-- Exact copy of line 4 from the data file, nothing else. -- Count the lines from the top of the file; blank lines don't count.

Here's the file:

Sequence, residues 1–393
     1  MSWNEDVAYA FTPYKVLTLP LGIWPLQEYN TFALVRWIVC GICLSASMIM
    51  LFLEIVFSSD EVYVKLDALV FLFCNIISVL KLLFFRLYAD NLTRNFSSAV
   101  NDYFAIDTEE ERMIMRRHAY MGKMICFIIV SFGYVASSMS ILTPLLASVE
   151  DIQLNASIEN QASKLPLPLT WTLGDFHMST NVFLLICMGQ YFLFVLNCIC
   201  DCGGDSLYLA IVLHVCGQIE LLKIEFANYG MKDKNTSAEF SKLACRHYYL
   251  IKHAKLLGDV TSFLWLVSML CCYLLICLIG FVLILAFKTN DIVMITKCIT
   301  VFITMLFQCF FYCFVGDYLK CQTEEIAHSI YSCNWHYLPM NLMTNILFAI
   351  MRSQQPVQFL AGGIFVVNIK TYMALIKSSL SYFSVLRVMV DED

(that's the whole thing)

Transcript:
   101  NDYFAIDTEE ERMIMRRHAY MGKMICFIIV SFGYVASSMS ILTPLLASVE